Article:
The current SRT-4 is nowhere near as good as the original, as it's based on the Dodge Caliber, which is a bit too much of a pig's ear to sew into a high-speed purse. However, the new AlfaRomeo-based Dart is going to be a very sporty platform even with less powerful engines, and it should be an absolute riot in the rumoured 300 horsepower SRT-4 form.

Details of M-Sport diesels revealed

Before everyone gets too excited: we won't get these models on this side of the pond - yet. The five new cars that BMW's M-Division just launched are European only. Shame.

What are they? The M550d xDrive (sedan and touring), the X5 M50d and the X6 M50d. That's quite a jumble of alphanumeric designation, so on to the details.

the X5 M50d and the X6 M50d. That's quite a jumble of alphanumeric designation, so on to the details.

The 5-series sedan and the two BMW SUVs will be built with all the usual M-Sport accoutrements: sporty suspension, larger rims and tires and more aggressively programmed driver aids.

They will also feature, for the first time, diesel power. And what a power it is!

With 376 h.p. and 545 foot-pounds of torque coming through an eight-speed automatic transmission, these tripleturbocharged M-monsters are capable of coming within tenthsof-a-second of their much thirstier M-badged stablemates. Try a combined highway/city fuel-consumption of 6.3 litres/100 kilometres and a 0-100 km/h time of 4.6 seconds.

Why won't Bimmer bring their stonking fast oil-burners over here? Just wait: diesel power is growing ever more popular in North America, so it's only a matter of time.

Rolls-Royce launches Year of the Dragon model, sells out

Gung Hay Fat Choy, and welcome to the year of the Dragon! I myself was born in the year of the Horse, which means that I am hard-working, enjoy the outdoors and have a fondness for sugar lumps. All true.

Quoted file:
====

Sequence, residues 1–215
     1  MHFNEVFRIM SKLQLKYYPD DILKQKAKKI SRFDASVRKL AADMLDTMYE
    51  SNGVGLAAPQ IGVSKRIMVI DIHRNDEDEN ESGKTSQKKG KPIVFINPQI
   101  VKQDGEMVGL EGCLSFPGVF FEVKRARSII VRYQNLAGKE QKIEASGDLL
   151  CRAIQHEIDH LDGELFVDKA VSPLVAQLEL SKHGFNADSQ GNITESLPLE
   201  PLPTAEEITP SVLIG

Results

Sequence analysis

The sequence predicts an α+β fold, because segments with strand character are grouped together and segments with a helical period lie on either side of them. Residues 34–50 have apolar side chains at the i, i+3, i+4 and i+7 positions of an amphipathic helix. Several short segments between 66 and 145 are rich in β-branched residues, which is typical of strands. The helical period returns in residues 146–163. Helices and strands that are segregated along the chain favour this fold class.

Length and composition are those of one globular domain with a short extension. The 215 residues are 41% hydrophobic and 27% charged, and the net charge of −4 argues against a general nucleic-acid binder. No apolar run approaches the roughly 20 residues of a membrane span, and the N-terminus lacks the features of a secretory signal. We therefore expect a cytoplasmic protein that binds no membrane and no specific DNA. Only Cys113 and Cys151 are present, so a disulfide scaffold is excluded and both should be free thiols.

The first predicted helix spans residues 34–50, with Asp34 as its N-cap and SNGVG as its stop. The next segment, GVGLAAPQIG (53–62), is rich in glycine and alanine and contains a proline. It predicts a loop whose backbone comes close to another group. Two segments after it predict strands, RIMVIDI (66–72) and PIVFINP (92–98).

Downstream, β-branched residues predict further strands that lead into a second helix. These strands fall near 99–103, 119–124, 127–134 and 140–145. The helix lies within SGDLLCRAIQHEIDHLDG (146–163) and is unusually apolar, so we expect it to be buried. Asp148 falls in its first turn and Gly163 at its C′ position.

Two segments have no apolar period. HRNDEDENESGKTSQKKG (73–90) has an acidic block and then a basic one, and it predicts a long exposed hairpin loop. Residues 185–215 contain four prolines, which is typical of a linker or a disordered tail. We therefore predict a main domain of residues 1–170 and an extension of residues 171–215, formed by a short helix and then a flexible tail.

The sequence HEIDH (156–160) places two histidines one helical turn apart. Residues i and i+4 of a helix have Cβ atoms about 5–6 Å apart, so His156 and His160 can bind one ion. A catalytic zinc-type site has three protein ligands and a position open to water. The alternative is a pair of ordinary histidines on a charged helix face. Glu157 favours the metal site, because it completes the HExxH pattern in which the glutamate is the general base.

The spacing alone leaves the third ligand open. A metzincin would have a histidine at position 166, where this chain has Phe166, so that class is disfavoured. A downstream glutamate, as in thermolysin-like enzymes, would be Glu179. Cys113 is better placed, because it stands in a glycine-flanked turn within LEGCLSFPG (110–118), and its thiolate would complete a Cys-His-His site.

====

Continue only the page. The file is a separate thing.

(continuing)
Rolls-Royce saw fit to celebrate the Chinese new year by rolling out a specialty model, a uniquely appointed version of their half-milliondollar Phantom, dragons embossed in the leather and inlaid in the special wood trim. Then they decided to charge $1.2 million for it.

Global financial crisis? Looks like that's something that only happens to other people: the big-ticket roller sold out in two months flat. Momo founder dies at age 71

Some sad news to round out the week, as Momo founder Gianpiero Moretti has passed away at his home in Milan.

Today the Momo brand can be found on shift-knobs, lightweight alloys, fire-proof racing suits, and all manner of other motorsports paraphernalia. However, it's as a specialty steering wheel supplier that the company is best known.

From humble roots, Momo's first success came in the 1960s, when a Ferrari race driver campaigned a Momo-equipped F1 car to a formula one racing title. The win was enough to kickstart the success of Moretti's company, and while he sold control of Momo off in the mid-1990s, the lasting effect of his products can be seen throughout the industry right up to today.

Follow Brendan on Twitter: @brendan_mcaleer, or submit your own auto oddities to mcaleeronwheels@gmail.com.